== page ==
Franchisees can still interact personally with customers, but within a realm that’s monitored by Firehouse’s home office. “We keep an eye on it,” Sorensen says. “Instead of having 200-plus Facebook pages, we needed to maintain a page from here.”
That need may be felt more in the next social media age as 13 percent of social media users are now connecting with the networks via smart phones, according to Cone research, and experts say the percentage will increase exponentially.
“Someone might see something in our restaurant, take a picture of it with their phone, and have it online in no time,” Sorensen says. “We’d need to respond instantly to something like that. I’d like to say we watch the page 24/7, but we do sleep.”
The upside of social media traveling with its users is the opportunity to hook consumers while they’re close to a restaurant. Already, some chains are trying to tap into that opportunity by using social media as an instant traffic booster. It’s routine for news of a limited-time promotion or menu discount to be passed along on Twitter like the latest celebrity gossip.
“You’re going to see online communications extend offline” the way some retailers tout the surprise appearance of a designer at one of their stores, says Porter Novelli’s Agresta.
She expects the fish-where-the-fish-are approach to translate into other types of draws, like contests, games, and “selective coupons” aimed at a very narrow market.
A side benefit, she says, is that such purposeful sales tools “absolutely” provide an opportunity to gauge the return on investment for social media, phone-delivered or otherwise.
DQ’s Keller says something as simple as a promotion redemption rate can “connect the dots” between a social media promotion and its sales impact. Still, just as with the purchase of airtime on television or radio, “we can’t see an ROI. But we can see the benefits.”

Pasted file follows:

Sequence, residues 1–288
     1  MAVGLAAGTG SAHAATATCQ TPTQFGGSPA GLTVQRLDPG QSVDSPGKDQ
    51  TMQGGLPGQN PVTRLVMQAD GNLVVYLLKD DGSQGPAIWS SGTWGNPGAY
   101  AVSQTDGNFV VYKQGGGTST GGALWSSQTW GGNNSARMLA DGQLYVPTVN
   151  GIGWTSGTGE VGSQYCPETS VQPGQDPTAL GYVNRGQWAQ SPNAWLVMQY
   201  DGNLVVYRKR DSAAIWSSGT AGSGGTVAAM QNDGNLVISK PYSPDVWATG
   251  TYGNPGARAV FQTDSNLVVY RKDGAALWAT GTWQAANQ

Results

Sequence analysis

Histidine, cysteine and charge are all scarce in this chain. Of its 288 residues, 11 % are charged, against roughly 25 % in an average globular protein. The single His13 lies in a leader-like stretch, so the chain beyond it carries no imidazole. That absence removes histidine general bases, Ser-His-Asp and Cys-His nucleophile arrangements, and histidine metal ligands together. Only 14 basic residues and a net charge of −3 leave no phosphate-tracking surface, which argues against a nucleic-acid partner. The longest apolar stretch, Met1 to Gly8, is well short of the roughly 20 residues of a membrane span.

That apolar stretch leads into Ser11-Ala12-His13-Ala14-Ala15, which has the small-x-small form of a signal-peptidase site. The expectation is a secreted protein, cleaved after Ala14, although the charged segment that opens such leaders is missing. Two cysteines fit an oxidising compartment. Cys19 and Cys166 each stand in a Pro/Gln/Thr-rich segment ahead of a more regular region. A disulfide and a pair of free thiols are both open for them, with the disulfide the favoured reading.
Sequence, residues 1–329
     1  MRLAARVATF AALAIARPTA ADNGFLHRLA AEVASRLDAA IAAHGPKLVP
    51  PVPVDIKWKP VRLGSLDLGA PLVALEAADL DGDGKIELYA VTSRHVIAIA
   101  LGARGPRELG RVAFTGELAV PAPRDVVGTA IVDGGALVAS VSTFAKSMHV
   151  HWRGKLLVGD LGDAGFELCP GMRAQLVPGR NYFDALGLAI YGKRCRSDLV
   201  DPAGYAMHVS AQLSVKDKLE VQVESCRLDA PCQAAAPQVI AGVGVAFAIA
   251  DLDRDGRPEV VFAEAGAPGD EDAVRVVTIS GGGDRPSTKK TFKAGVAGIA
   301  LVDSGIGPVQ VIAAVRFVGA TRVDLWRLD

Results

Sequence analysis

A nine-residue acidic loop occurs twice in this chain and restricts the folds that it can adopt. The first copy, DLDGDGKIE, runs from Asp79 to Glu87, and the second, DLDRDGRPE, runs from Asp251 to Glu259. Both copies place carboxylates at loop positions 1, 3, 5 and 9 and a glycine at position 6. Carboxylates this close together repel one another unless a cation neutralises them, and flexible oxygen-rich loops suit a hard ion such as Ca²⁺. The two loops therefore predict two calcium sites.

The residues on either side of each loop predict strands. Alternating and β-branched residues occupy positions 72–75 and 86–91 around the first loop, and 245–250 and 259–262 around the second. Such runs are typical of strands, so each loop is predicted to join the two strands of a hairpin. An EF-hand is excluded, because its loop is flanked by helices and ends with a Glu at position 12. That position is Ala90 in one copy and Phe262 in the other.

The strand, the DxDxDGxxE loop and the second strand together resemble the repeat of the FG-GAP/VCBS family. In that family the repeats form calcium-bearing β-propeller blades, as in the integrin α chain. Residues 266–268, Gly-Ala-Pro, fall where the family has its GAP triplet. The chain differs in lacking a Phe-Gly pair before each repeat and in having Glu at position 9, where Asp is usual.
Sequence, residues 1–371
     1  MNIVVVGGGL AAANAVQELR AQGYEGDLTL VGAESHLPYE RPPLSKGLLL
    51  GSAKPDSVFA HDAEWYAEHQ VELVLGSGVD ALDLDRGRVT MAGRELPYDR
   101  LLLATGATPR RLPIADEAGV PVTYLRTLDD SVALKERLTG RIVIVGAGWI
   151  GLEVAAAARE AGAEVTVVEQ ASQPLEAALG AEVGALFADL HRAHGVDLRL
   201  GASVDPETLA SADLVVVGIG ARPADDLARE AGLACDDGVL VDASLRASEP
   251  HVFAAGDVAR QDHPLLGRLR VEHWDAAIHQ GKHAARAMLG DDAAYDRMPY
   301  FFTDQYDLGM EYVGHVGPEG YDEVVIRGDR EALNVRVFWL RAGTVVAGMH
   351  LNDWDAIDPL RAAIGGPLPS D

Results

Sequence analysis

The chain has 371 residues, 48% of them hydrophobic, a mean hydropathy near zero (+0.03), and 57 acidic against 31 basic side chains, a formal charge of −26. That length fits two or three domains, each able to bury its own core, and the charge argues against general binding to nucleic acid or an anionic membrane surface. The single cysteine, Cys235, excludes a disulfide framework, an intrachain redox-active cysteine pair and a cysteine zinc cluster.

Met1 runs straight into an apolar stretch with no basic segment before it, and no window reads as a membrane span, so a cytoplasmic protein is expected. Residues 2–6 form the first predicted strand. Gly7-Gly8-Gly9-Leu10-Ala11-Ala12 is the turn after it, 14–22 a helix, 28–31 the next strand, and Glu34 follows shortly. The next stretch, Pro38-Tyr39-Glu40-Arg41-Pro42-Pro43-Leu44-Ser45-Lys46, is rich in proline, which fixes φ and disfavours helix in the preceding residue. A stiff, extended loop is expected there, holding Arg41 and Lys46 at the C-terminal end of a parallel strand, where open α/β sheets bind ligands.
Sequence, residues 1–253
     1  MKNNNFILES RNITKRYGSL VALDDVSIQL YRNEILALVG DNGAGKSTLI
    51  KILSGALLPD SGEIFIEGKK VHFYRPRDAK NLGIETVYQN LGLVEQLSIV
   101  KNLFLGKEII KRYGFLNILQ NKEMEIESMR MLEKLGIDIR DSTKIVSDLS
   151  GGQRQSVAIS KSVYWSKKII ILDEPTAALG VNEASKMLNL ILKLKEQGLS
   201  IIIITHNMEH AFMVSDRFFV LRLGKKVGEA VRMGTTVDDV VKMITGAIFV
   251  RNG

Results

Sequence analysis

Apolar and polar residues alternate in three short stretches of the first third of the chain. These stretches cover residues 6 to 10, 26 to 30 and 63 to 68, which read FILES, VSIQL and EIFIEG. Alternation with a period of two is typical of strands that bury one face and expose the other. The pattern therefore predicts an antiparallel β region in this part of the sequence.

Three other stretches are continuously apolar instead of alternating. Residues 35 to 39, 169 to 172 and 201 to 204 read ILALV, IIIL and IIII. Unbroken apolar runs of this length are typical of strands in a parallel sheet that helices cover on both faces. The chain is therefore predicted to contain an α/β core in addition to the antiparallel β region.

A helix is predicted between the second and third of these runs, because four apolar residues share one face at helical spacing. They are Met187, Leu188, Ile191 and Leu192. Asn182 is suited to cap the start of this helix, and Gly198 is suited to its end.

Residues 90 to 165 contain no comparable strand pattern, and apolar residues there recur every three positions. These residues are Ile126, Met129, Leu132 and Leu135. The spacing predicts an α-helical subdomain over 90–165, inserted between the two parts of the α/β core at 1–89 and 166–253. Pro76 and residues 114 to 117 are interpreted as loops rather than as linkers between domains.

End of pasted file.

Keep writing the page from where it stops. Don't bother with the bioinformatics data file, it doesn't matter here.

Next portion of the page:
Those paybacks, whether assessed in Facebook traffic or intangibles like engagement with customers, are obvious enough to shape DQ’s marketing budget for 2010. Keller allocated a percentage “in solid single digits” for social media, after using about only 1 percent of the budget for those channels in ’09.
The dollars are coming off the broadcast advertising line.
The 2009 Cone Consumer New Media Study presents the findings of an online survey conducted September 11-13, 2009 by Opinion Research among a representative U.S. sample of 1,048 adults compromising 503 men and 545 women 18 years of age and older. Respondents who indicated they never use new media sites or tools were filtered out of the survey resulting in a sample size of 587 “new media users.” The margin of error associated with a sample this size is +/- 5 percent.
Opinion Research also conducted a telephone survey on behalf of Deloitte LLP among a national probability sample of 2,008 employed adults comprising 1,000 men and 1,008 women 18 years of age and older, living in private households in the continental U.S. Interviewing for CARAVAN Surveys was completed during the period April 9-13 and 16-19, 2009. Sampling error is +/- 2.5 percent. In addition, Opinion Research conducted an online survey of 500 business executives. The sample for the study came from a panel of executives across the U.S., including company owners, directors, CEOs, controllers, EVPs, CIOs, VPs, and board members. Invitations to participate in the study were sent beginning on April 10, 2009 and data collection continued through April 17, 2009.
Consumer Insights on Social Media
Consumer Attitudes for Brands Using Social Media
Most Americans Use New Media
New Media Users Interact with Companies via Social Media
How They Reach You
New media users interact with companies using a mix of online tools.
Is Your Reputation at Risk?
Employees weigh in on the statement: “It is easy to damage a company’s reputation on social media.
Executives weigh in on the statement: “Our executive team regularly discusses how we can best leverage social networks to our advantage while mitigating risks.”
• 27% true
• 67% false
• don’t know/refuse